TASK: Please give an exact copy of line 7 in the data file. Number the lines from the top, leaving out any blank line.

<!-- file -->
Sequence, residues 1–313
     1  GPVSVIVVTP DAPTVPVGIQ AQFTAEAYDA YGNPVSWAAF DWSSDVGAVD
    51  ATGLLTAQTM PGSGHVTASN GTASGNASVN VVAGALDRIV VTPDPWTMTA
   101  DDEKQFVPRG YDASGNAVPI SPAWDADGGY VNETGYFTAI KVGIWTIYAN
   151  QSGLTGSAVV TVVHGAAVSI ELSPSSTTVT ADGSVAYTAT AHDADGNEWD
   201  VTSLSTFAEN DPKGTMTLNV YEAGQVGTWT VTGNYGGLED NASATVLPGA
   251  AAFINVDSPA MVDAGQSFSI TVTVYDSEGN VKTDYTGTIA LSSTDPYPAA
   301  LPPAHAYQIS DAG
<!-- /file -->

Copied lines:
   251  AAFINVDSPA MVDAGQSFSI TVTVYDSEGN VKTDYTGTIA LSSTDPYPAA